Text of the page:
(Filed 1 November, 1912.)
Appeal and Error — Case on Appeal — Unsigned Entries of Record — Stenographer's Notes — Concise Statement — Interpretation of Statutes.
When the stenographer's full notes of the evidence taken on the trial of a case on appeal are transcribed in the record, immediately followed by an unsigned entry, repudiated by appellee's counsel, that "the record, stenographer's notes, the judgment, and the exception to the nonsuit shall constitute the case on appeal to the Supreme Court," the case on appeal is not properly constituted in this Court, and, on motion of appellee's counsel, will be dismissed and the judgment below affirmed. The attention of the profession is again directed to the line of cases holding that a full transcript of the stenographer's notes of the evidence is not in conformity with the requirements of Revisal, sec. 591.
APPEAL by plaintiff from Whedbee, J., at August Term, 1912, (212) of GUILFORD.
John A. Barringer, Adams McLean for plaintiff.
F. P. Hobgood, Jr., for defendant.
From a judgment of nonsuit the plaintiff appeals.
The facts are sufficiently stated in the per curiam opinion.
Defendant's attorney moves in this Court to dismiss the appeal and affirm the judgment for the absence of a properly constituted case on appeal.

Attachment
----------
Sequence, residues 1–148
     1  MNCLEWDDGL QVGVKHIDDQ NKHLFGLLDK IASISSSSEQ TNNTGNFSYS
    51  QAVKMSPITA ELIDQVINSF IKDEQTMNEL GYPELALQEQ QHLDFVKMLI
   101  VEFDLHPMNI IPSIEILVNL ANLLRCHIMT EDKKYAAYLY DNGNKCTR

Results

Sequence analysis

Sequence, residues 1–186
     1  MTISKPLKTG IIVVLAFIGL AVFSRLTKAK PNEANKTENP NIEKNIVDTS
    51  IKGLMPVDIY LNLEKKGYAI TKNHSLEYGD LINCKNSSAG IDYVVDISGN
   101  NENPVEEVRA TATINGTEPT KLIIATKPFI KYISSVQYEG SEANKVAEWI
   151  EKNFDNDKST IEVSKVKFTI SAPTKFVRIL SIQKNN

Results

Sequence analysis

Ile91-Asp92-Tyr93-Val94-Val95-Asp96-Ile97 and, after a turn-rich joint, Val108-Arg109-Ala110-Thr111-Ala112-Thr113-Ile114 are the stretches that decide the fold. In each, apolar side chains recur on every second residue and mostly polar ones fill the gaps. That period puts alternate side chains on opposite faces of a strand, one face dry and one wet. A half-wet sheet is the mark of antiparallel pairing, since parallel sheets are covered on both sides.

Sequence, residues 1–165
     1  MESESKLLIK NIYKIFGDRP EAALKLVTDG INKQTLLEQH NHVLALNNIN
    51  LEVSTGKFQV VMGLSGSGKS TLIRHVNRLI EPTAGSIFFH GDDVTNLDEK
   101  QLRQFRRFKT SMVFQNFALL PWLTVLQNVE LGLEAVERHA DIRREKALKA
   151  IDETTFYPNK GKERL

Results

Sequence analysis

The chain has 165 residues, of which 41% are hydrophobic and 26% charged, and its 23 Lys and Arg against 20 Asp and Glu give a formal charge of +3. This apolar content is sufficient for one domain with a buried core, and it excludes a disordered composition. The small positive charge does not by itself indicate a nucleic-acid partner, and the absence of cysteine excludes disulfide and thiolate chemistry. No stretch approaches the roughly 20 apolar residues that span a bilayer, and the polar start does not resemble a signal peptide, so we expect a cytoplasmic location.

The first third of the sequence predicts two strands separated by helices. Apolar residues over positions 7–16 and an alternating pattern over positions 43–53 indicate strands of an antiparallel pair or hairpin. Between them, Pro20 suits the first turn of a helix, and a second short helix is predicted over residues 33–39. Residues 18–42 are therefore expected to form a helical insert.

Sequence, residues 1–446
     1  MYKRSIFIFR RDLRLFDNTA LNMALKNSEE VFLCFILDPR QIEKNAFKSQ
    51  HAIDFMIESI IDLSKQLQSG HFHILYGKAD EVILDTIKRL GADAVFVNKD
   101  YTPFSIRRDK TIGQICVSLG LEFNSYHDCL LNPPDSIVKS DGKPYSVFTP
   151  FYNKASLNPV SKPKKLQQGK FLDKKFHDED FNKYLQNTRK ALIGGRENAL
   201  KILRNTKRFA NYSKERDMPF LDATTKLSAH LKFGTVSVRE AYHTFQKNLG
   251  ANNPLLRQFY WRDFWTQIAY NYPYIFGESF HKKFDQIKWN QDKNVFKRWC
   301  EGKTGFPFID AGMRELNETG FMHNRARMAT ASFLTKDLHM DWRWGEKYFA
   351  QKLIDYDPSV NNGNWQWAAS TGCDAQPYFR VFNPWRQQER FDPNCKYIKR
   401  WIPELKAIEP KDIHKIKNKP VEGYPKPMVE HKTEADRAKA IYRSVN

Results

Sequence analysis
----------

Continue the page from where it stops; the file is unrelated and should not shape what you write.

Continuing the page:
The stenographer's full notes of the trial in the Superior Court are copied in the record. Immediately following them we find the following entry: "The record, stenographer's notes, the judgment and the exception to the nonsuit shall constitute the case on appeal to the Supreme Court."
This is not signed by either the presiding judge or by the counsel for the plaintiff or defendant. It is repudiated by the counsel for the defendant in this Court, who moves to affirm the judgment for lack of a case on appeal. The motion must be allowed.
There appears to have been no attempt to make out a case on appeal in conformity with the statute. That offered as a case on appeal is neither signed by the judge nor by the counsel.
In this connection we again call the attention of the profession to what has been said on the subject of "Cases on Appeal" in Cressler v. Asheville, 138 N.C. 483; Bucken v. R. R., 157 N.C. 444; and in Skipper v. Lumber Co., 158 N.C. 322.
In the latter case it is held that: "When the appellant has set out in the case on appeal the transcribed stenographer's notes, he fails to (213) prepare a concise statement of the case as required by Revisal, 591, and his appeal will be dismissed under Rule 22 of the Supreme Court when upon examination no error is found in the record proper."
Appeal dismissed and judgment affirmed.